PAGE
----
Cobblestone streets leading to perfectly preserved historic homes. Intricate wrought-iron gates opening to lush, fragrant gardens. A skyline of steeples and a river harbor bustling with schooners and sailboats. Charleston is one of America's most charming cities. In vibrant watercolors and detailed sketches, artist Diana Gessler captures the beauty and riches that make Charleston so unique: White Point Gardens, the Spoleto Festival, Rainbow Row, Waterfront Park, Fort Moultrie, the beaches of Sullivan's Island, sumptuous Lowcountry cuisine, and handmade sweetgrass baskets. Full of fascinating details--on everything from the art of early entertaining, the city's inspired architectural and garden designs, and George Washington's Southern tour to famous Charlestonians and the flags of Sumter--Very Charleston celebrates the city, the Lowcountry, the people, and our history. Hand-lettered and full color throughout, Very Charleston includes maps, an index, and a handy appendix of sites. With her cheerful illustrations and love for discovering little-known facts, Diana Gessler has created both an entertaining guide and an irresistible keepsake for visitors and Charlestonians alike.
Peter Duggan-Smith was born in 1916 to an actress mother. As she was always on the move he was brought up by two maiden aunts until he was accepted to train for a sea-going career on the cadet ship H.M.S. Conway. It was on the last of several voyages to New Zealand as a Merchant Navy apprentice that his life of adventure began — though it did not always turn out as he had planned! The one constant in Peter’s life was his love of flying; by the end of his final flight in Cambodia in 1974, he had racked up more than 17,000 flying hours–in no less than 70 types of piston-engine aircraft. Peter was small in stature, but a giant among adventurers, with a rare ability to take the reader along with him through his many escapades.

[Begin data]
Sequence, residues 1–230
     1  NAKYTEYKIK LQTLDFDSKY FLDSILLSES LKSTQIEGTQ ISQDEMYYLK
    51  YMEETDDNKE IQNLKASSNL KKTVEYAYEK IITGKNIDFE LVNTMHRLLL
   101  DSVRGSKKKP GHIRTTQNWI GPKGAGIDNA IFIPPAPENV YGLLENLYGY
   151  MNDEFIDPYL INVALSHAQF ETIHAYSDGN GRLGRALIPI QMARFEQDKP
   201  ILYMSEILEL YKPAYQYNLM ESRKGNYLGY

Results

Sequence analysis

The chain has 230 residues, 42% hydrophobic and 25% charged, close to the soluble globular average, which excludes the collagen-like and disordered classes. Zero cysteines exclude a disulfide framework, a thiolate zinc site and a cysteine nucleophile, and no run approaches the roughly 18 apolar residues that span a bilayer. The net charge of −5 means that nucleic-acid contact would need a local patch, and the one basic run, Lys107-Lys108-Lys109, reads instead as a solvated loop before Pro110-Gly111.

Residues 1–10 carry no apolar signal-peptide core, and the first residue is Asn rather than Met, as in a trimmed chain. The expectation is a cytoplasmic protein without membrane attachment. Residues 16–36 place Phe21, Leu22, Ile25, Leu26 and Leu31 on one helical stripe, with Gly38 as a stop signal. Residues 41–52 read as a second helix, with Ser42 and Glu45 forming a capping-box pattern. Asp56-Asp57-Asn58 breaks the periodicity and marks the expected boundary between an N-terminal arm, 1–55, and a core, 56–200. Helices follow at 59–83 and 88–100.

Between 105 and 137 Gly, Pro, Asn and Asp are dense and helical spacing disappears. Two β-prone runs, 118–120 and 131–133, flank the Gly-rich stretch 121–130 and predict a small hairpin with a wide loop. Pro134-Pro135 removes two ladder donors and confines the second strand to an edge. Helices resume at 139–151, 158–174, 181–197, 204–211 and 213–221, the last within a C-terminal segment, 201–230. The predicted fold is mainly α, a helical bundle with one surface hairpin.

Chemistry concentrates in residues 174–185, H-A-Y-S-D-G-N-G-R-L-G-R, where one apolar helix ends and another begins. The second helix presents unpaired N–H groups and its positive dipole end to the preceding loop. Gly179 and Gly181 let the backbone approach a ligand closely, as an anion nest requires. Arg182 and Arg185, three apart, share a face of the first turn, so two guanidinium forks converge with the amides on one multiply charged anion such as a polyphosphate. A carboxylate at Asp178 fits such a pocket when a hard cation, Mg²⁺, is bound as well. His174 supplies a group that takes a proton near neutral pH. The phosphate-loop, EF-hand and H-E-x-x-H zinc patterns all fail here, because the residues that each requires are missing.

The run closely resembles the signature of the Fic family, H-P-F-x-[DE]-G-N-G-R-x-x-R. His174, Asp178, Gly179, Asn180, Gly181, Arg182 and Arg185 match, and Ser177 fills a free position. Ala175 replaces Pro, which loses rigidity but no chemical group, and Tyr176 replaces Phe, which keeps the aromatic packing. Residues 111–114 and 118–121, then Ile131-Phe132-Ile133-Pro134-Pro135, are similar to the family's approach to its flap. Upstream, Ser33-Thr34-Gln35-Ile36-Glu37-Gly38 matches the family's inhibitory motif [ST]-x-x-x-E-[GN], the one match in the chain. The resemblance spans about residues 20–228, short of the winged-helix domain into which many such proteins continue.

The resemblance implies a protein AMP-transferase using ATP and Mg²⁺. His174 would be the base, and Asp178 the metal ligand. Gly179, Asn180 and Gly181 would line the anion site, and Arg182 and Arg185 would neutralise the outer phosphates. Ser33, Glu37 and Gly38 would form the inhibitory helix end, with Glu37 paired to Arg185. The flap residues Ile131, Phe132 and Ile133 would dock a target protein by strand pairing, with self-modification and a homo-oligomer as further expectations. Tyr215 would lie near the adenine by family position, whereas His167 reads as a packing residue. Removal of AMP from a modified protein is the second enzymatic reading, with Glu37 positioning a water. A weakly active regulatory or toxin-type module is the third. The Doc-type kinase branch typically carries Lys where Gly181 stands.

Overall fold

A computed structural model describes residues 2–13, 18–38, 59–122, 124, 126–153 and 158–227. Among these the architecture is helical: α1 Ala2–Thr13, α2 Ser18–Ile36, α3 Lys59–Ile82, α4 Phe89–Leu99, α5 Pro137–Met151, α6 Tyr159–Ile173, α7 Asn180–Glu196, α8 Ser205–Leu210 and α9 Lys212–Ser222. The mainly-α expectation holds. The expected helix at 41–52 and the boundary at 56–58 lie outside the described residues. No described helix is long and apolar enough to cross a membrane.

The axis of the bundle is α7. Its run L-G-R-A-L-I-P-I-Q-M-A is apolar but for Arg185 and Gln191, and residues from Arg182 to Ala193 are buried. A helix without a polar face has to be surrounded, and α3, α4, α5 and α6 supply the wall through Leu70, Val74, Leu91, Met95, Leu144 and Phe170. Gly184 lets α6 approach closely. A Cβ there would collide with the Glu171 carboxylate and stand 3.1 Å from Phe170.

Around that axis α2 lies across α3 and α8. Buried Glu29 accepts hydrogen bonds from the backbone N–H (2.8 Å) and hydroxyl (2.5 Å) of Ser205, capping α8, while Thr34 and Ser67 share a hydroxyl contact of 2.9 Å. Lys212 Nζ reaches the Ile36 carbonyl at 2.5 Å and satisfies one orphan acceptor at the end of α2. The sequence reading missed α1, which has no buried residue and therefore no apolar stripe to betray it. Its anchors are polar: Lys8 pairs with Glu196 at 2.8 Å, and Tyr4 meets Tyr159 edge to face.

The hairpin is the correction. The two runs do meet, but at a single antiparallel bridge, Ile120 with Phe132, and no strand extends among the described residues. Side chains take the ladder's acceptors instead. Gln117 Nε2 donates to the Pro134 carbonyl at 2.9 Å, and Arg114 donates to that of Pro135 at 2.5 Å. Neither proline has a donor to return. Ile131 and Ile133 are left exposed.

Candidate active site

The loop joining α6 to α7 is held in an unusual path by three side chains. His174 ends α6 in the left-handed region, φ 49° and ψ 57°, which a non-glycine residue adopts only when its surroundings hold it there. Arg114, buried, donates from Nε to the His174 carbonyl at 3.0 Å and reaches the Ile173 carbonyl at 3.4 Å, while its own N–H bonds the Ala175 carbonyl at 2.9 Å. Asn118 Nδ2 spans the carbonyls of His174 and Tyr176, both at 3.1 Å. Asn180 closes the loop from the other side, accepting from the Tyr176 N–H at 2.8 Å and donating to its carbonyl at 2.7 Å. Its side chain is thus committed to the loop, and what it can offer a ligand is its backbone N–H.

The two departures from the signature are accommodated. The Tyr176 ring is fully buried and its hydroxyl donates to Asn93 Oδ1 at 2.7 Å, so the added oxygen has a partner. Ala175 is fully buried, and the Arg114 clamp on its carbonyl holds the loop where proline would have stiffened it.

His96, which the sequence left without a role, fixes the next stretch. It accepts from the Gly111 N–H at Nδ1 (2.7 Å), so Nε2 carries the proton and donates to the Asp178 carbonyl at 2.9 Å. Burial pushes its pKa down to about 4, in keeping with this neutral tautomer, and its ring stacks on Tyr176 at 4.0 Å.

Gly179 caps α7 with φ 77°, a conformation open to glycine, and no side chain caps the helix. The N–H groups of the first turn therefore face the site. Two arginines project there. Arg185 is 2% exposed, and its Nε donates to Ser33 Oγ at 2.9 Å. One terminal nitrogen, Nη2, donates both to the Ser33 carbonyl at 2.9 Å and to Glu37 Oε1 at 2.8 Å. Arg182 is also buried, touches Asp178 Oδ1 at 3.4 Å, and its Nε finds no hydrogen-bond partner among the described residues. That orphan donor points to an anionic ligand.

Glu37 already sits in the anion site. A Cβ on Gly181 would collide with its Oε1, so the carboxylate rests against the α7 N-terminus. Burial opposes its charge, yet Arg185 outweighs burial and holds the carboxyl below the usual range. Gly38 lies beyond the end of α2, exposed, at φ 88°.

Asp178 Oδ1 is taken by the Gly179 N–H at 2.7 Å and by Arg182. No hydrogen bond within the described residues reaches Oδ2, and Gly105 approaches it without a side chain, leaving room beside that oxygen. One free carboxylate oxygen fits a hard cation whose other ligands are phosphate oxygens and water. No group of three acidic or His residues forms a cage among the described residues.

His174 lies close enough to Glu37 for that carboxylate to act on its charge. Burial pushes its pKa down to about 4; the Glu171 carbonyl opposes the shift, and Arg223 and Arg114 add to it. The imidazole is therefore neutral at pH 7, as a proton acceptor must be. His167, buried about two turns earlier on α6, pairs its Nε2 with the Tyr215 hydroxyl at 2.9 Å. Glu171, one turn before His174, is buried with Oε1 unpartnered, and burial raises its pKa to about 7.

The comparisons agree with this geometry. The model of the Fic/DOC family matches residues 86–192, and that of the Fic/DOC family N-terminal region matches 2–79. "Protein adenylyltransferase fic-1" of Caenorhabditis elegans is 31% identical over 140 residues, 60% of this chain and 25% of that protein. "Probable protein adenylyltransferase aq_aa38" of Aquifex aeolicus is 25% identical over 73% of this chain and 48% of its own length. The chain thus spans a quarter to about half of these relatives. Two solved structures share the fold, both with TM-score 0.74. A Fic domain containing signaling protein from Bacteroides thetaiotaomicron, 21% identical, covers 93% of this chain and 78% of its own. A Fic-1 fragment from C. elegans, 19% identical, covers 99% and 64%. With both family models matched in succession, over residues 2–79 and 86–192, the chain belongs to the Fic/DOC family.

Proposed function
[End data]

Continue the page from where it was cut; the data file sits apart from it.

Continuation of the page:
Raymond Eagle, FSA Scot., is a historian with a particular interest in Scottish and military history. His early years were spent in Eastleigh, Hampshire where, at the age of ten, he had a grandstand view of the Battle of Britain. This gave him a life-long interest in aviation and a great respect for his boyhood heroes, the aircrews of the RAF and Dominion air forces. In 1949 he joined the British army as a national serviceman and was commissioned in the Royal Artillery, spending two years in Hong Kong before continuing in the Territorial Army (Militia). Arriving in Canada in March 1967 with his wife and two young sons, he worked for twenty years in executive positions with various medical charities, writing purely as a hobby. Articles published included such areas as history, environment, health and travel. In November 1991, Eagle’s first book was published in Scotland by Lochar Publishing of Moffat, Seton Gordon — The Life and Times of a Highland Gentleman, a biography of the well-known Scottish naturalist, historian and photographer, who wrote 27 books on the Highlands and Hebrides.